Lebanon’s currency crashed on Sunday reaching a new low against the dollar, as the country’s financial meltdown continues: Food is unaffordable, hospital are closed, petrol is unavailable, the internet is down, capital controls are to be established, coronavirus rages, and electricity is scarce.
And still elected officials do nothing.
Market dealers said the Lebanese pound was trading at around 15,150 to the dollar down from about 13,500, losing around 90 per cent of what it was worth in late 2019, when Lebanon’s economic and financial crisis erupted, Reuters reported.
This is everyday Life in Lebanon now.
Food inflation is at 400 per cent. For the last month, fuel has been scarce commodity and people are queuing at petrol stations that are only operating for two hours a Day.
“I have tried to find a special milk prescribed for my newborn baby for the last 4 days, but was not able to find any. What can I do If I am unable to breastfeed? How can a country run out of such products? This is unbelievable” Carine a 30- year-old mother told the Cyprus Mail.
For another woman, finding drugs at the pharmacy was also impossible “I have looked for PROFINALE that I use for muscular pain in almost every pharmacy I know. It has simply vanished. Even in wartime we could find it” Therese says.
The social security system that was somehow the last safety net for more than 60 per cent of the Lebanese people who now have plunged below poverty line has declared that it will “only cover the hospitalisation of citizens that is classified as highly urgent,” the institutions explain in a statement issued last week. It has become necessary to “protect the hospitals” and refuse patients. The hospitals had already declared that they are running out of medical supplies due to the high cost of importing them
Meanwhile, the coronavirus has hit the country hard. The country has also been hit hard by the coronavirus pandemic, with over 542,000 cases and 7,790 deaths as of Monday. Yet only seven per cent of the population has received the vaccine to date.
The head of state-owned telecoms operator OGERO has declared that Lebanon is to expect large-scale internet outages that could cripple even the central bank, the economy and vital infrastructure.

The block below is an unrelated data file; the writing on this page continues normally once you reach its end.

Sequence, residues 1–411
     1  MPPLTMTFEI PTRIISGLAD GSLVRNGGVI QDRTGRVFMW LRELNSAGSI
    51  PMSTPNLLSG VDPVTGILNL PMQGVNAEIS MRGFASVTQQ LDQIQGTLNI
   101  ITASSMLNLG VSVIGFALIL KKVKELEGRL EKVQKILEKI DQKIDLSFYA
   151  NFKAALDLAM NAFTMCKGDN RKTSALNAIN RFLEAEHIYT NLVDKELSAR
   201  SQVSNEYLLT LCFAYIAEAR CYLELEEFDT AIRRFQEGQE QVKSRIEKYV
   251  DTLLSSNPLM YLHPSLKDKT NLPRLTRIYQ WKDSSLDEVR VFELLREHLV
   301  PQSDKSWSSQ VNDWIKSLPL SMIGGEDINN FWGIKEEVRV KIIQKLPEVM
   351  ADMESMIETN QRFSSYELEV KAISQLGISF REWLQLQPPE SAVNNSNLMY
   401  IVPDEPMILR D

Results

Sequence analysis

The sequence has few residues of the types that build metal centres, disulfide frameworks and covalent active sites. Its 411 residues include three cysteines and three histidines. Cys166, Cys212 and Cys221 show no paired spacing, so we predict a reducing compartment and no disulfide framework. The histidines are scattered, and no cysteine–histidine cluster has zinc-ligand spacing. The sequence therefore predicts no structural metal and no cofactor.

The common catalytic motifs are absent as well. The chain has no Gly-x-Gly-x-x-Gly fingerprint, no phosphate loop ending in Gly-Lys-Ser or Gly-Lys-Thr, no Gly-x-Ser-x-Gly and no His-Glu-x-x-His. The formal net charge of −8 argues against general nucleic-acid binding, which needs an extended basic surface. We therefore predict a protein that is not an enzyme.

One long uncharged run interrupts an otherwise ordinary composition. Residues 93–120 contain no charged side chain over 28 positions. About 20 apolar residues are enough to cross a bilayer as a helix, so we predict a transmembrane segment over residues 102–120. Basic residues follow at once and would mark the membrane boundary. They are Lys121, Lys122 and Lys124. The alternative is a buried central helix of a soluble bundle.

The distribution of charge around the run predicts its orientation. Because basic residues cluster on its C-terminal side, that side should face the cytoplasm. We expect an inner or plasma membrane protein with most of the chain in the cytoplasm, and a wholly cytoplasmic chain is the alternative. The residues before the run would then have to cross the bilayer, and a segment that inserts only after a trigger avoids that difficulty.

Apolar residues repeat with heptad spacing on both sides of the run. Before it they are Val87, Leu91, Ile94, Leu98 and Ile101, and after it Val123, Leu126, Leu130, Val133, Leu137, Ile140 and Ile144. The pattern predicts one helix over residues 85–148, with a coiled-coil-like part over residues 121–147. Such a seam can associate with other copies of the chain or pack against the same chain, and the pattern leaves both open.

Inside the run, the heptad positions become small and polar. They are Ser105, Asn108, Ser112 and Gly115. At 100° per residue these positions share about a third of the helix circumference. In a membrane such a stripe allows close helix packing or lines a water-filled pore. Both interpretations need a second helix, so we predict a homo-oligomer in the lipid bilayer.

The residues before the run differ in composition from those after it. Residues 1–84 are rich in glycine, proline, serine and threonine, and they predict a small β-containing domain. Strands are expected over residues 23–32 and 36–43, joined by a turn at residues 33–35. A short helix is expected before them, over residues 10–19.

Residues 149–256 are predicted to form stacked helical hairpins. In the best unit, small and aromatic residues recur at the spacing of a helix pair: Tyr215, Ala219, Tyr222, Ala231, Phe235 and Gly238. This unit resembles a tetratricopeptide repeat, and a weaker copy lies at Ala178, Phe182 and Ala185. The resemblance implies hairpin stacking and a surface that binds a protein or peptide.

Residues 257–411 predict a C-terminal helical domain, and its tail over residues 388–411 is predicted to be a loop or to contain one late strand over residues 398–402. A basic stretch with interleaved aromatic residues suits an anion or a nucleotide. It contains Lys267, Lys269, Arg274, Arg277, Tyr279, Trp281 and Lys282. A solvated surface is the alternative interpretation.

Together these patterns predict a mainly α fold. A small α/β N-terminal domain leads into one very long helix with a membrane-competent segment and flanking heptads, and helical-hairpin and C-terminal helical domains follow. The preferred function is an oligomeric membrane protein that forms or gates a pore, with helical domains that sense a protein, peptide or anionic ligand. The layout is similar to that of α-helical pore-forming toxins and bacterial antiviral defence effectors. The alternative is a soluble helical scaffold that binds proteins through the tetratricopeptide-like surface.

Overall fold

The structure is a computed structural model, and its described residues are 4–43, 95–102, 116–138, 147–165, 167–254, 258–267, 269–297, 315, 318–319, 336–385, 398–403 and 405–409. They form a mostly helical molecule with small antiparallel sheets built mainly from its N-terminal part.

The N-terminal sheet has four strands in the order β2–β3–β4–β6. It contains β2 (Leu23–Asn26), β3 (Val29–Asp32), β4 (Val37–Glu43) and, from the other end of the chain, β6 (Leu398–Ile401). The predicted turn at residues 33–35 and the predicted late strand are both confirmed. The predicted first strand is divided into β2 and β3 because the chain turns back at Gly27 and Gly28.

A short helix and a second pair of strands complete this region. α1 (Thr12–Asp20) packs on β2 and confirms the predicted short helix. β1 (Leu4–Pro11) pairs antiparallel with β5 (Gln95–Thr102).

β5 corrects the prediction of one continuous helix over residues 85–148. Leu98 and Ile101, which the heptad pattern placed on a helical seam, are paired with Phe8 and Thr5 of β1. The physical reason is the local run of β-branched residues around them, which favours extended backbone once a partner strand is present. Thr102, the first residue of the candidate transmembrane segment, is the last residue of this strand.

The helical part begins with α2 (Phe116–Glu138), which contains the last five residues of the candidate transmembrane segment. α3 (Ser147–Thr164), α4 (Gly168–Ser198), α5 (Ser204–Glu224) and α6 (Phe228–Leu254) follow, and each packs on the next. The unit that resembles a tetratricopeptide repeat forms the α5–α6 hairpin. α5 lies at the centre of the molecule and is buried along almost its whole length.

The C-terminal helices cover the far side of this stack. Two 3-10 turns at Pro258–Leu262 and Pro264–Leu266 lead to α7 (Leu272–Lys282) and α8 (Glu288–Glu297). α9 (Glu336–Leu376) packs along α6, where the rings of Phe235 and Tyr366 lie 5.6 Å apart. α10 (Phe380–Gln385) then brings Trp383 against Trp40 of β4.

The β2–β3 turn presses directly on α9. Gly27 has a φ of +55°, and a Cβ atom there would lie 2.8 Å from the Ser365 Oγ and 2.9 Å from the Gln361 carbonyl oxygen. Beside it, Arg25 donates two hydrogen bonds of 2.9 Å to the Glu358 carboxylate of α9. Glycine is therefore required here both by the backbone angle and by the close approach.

There are regular power cuts mainly due to the fact that the central bank of Lebanon is rationing the last amount of dollars it still has (estimated at $15 Billion) and by doing so is not providing enough funds to import fuel into the country.
Electricity issues have always plagued Lebanon since the end of the civil war in 1990, however recently the power cuts have reached a new record of 20 hours a day.
The central bank has loaned the electricity authority $200 million. This, however, will last perhaps for a few months.
“In the absence of any political solutions, we’re just kicking the can down the road,” Marc Ayoub, Energy Researcher at the American University of Beirut’s Issam Fares Institute, explained. “If we pay $200 million, we carry on for two or three more months, then what? We cannot continue like this.”
The head of the Iranian-backed armed Lebanese political group Hezbollah took everyone by surprise last week when he announced that he was ready to go to Iran to seek fuel to help Lebanon deal with the shortage. However, the terms under discussion were not agreed to, and the arrangement has fallen through.
In an attempt to slow down the ongoing apocalyptic collapse of the economy, The Lebanese Parliament’s Finance and Budget Committee approved last week a long-awaited draft law on capital control. But the law has not yet been passed.
The law would formalise restrictions on cash withdrawals and transfers for Lebanese depositors.
Senior Economy Analyst Dr. Jassem Ajaka explains to the Cyprus Mail: “It would appear that stopping the delivery of dollars from the central bank would have a negative impact on the next government if it takes such a decision. So the (hidden) decision is that all the political forces vote on a law which dilutes the responsibilities and therefore facilitates the formation of government.”
Ajaka also expressed doubts about whether capital controls could be effectively enforced.
“Capital controls consists of a set of actions aimed at reducing the outflow of capital from the country. Its actions include, among other things, economic, financial, monetary, operational, legal actions. However, the bill presented by the parliamentary committee only includes the monetary side constrained by the central bank figures.
On the political Level, Lebanon’s deadlock has been blocking the formation of a new government since the Beirut port blast that took place on the August 4, 2020.
According to Transparency International’s Corruption Perception Index, Lebanon ranks 149 out of 180 countries, indicating high corruption levels. And the World Bank has blamed the economic disaster on a “deliberate lack of effective policy action by authorities,” according to its fall 2020 report.
“If the political deadlock continues, we predict a rapid deterioration of the economic and social situation as the constitution has given the government exclusive power over economic decisions.
Political analysts speak of a deadlock looming over the next elections. The country cannot stand all this time. So chaos awaits us!”says Ajaka.